6. Learn and adapt by building listening posts for continuous improvement. Think of every tool as a prototype, and constantly assess — with both feedback from customers, and your sales team — what’s working, what’s not and how it can be improved. Making a habit of debriefing each experience not only reveals ways to improve the toolkit but also helps your process adapt to changes in the customer’s buying journey in real time, ensuring that you maintain alignment with your customers.
  7. Measure the results, and scale what works. I’ve found that most sales organizations have very clear measurements for sales results, but don’t look closely at customer success metrics, either during the buying process or post-sale. Enterprise sales is a long game, and ensuring not only the sale but the customer success after the sale is how the game is won. Measure the customer’s experience through and after the sale at all key touch points, and scale those practices that increase customer satisfaction and business results. Find those sales leaders who are achieving outsized results, and have them mentor their peers in what they do to achieve higher customer satisfaction. Finally, build those discoveries back into your tools and training.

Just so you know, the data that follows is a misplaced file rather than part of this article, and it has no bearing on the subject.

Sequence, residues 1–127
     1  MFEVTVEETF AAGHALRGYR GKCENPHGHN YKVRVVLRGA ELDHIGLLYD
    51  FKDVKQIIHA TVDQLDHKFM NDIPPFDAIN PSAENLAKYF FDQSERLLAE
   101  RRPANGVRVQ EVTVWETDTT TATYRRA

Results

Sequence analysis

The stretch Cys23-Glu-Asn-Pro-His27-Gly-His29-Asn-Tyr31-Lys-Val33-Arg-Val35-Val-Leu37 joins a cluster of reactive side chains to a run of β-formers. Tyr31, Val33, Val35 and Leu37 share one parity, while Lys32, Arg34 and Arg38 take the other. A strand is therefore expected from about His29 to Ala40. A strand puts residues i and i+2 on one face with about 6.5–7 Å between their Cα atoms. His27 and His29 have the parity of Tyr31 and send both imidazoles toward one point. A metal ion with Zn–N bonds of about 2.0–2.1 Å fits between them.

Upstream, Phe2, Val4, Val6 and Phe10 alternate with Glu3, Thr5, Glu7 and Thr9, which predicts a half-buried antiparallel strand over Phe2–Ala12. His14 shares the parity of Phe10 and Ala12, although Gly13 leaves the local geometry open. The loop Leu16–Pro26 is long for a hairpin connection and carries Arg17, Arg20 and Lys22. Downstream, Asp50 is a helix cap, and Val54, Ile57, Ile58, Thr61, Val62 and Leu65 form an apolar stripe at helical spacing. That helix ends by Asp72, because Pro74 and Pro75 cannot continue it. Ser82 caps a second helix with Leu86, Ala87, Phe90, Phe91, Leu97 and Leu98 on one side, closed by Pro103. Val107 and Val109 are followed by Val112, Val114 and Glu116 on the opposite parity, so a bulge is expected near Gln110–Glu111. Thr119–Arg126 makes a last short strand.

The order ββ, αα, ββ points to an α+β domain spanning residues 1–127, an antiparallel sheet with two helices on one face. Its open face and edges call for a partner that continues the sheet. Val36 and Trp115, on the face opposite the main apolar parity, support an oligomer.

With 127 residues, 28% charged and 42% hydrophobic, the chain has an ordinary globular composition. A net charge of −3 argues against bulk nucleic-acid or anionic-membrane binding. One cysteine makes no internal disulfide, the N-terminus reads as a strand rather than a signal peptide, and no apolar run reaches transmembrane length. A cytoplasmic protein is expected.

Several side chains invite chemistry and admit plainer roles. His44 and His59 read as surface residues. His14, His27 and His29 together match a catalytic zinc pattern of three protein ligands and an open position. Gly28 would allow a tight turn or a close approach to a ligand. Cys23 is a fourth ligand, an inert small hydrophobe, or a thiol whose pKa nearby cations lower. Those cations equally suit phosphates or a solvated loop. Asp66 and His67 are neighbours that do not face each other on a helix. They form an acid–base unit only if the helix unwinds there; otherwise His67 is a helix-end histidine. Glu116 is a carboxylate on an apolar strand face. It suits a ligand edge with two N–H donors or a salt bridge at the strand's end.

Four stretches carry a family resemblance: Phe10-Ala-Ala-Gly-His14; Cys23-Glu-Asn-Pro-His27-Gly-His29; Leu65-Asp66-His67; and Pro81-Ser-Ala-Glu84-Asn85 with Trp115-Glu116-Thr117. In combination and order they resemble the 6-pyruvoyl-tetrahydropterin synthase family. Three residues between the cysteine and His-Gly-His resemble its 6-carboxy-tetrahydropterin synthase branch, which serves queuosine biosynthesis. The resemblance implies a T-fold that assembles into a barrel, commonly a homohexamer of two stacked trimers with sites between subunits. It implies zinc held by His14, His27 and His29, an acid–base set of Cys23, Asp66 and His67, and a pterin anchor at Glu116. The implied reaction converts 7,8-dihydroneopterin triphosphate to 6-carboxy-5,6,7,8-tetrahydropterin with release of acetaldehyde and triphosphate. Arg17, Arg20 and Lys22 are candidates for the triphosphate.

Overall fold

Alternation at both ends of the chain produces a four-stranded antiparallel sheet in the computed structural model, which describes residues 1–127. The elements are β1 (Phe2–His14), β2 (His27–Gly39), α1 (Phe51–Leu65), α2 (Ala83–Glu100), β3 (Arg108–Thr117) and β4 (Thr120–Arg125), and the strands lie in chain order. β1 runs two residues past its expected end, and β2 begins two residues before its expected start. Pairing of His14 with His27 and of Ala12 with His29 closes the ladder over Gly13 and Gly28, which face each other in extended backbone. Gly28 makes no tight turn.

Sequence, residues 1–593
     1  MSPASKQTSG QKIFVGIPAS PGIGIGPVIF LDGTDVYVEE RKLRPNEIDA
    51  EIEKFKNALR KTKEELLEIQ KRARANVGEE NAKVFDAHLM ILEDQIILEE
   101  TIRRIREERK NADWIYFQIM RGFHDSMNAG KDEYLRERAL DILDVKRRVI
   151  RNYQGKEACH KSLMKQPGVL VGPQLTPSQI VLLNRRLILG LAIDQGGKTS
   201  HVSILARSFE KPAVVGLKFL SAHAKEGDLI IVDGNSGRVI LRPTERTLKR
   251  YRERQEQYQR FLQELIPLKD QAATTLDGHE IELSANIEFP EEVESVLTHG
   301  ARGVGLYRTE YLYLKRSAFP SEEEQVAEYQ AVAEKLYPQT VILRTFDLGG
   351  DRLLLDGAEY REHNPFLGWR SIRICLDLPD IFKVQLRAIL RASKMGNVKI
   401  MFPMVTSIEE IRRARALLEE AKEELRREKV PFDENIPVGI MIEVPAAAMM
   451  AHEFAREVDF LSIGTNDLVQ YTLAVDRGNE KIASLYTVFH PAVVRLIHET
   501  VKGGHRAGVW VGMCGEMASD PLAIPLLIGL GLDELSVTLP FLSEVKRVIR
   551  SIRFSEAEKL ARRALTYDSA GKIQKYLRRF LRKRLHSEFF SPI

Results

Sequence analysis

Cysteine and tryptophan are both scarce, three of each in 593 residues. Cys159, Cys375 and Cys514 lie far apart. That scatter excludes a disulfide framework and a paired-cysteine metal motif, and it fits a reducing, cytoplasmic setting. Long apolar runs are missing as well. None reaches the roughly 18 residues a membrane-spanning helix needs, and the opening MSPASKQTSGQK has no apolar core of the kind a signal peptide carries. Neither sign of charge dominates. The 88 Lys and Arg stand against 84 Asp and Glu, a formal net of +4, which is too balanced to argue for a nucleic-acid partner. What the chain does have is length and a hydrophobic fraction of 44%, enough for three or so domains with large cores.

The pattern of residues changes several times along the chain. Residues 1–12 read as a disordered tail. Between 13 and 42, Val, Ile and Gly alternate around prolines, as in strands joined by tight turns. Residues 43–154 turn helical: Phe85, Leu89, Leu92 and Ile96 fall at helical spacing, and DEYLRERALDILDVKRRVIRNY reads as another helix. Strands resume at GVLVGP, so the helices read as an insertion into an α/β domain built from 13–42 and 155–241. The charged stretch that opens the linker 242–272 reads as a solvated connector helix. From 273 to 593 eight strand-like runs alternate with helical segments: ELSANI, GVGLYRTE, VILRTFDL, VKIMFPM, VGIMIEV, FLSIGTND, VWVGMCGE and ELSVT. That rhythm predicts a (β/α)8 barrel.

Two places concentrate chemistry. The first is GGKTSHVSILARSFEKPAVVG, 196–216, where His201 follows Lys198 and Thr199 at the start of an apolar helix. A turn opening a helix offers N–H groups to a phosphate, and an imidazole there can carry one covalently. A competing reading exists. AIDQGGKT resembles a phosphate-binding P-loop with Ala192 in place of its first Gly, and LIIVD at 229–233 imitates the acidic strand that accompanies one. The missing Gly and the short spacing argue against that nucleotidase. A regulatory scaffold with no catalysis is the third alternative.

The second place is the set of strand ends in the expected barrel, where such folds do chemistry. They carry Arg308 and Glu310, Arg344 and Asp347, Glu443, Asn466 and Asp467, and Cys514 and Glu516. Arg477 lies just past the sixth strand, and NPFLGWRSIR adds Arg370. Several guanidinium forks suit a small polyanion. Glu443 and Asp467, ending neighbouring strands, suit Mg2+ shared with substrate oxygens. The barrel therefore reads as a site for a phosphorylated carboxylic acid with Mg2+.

The teams we’ve worked with that have applied these techniques have reported increased sales conversion, improved customer satisfaction and business results, and longer customer retention. And in numerous examples, job-aids and interactive experiences brought into sales meetings have resulted in increased customer engagement, building rapport and accelerated solution alignment.

Because of this, I believe sales teams that align themselves with the customer journey and study customer empathy and consultative techniques will outperform their peers and succeed in building more durable customer relationships. Service design has transformed the world of user experience in consumer products and services – it’s time we apply the learnings to the sales process, tools and training we do to connect customers and their needs to the right business solutions.

If you have any questions about this article or around building a customer-centric culture, please don’t hesitate to contact us.